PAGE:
Respiratory therapists work under the supervision of doctors to provide evaluation and treatment to people with breathing difficulties. They may work with patients near the beginning or end of life. A respiratory therapist is often beside a pre-term infant as she takes her first trip from the local hospital to the neonatal ward of a large medical center. The RT will work with other members of the medical team to develop and carry out a treatment plan and modify the plan as the infant’s lungs mature.
Respiratory therapists also evaluate and treat mature individuals who have pulmonary or cardiopulmonary issues; patients may have lung cancer or multiple arterial stenoses some have survived previous emergencies like the heart attack or stroke. In some cases, the goal is to mediate suffering as a person nears the end of his life. RTs also work with patients at all stages in between. Patients include children and adults with asthma and congenital defects as well as survivors of near-drownings and other traumas.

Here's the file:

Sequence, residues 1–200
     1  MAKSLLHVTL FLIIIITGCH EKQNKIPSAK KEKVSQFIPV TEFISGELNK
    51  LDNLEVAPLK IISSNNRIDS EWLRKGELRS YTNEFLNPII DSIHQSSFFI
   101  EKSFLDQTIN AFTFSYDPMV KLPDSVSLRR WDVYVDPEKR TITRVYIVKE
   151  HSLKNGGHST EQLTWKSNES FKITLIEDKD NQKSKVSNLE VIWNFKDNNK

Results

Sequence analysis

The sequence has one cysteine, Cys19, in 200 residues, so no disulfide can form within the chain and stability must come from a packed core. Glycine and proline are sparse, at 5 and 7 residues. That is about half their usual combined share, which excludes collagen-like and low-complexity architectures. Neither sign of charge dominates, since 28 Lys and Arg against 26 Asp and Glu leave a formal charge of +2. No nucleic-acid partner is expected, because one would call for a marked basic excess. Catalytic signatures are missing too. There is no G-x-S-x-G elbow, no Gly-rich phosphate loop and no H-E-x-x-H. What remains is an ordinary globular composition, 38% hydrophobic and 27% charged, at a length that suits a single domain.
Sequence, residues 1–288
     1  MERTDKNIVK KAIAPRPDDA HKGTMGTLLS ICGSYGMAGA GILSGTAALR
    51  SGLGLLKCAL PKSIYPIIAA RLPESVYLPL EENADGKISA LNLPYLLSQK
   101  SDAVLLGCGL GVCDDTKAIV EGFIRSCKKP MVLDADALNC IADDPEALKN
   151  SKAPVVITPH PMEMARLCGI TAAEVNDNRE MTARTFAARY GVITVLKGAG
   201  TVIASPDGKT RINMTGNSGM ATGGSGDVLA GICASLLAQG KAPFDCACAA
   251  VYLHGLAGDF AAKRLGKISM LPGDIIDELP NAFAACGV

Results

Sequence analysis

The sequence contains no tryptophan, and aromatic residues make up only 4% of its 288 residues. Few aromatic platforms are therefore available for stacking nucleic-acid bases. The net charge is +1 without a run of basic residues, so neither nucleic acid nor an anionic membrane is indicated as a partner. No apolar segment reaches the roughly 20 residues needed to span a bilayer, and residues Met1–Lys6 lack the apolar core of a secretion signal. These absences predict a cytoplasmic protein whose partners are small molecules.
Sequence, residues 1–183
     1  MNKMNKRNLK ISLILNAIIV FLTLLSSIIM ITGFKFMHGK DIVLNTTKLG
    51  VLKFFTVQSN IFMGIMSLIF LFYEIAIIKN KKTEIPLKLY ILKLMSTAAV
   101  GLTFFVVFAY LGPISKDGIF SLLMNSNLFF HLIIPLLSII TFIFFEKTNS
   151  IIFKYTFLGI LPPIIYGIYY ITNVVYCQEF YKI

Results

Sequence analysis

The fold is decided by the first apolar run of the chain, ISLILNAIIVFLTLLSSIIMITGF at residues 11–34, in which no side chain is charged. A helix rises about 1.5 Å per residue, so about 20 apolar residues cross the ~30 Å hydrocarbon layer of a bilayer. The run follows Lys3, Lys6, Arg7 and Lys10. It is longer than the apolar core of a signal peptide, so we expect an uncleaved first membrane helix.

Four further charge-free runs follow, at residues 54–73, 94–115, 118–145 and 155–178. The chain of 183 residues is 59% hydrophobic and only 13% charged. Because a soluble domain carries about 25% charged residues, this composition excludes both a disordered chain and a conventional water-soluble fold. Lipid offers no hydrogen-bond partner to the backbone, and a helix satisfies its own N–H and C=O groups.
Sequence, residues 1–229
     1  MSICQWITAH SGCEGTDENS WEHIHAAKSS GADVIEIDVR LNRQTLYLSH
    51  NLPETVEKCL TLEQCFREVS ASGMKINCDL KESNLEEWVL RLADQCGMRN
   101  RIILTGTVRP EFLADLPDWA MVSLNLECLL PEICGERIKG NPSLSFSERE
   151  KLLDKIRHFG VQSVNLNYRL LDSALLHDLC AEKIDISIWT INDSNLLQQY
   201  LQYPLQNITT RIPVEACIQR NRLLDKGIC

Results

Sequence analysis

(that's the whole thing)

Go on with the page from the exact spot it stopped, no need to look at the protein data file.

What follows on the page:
Approximately 80% of respiratory therapy positions are in hospitals, but positions can also be found in nursing care facilities and health practitioner offices. Some RTs work in alternative settings, for example, retail firms that sell respiratory equipment.
Among the RT’s responsibilities are evaluation and assessment. Duties include measuring a patient’s breathing capacity and also monitoring oxygen levels, alkalinity, and other chemical indicators. Assessment can also include interviewing the patient and taking careful note of difficulties.
The respiratory care practitioner also carries out the treatment plan. In some cases, this means monitoring and running machine that breathes for the patient. In other cases, the respiratory therapist teaches patients to manage their own breathing, using inhalers and other aids as needed. Respiratory therapists may move into less traditional roles like case management and respiratory-related health education. Some help people tackle the smoking habit.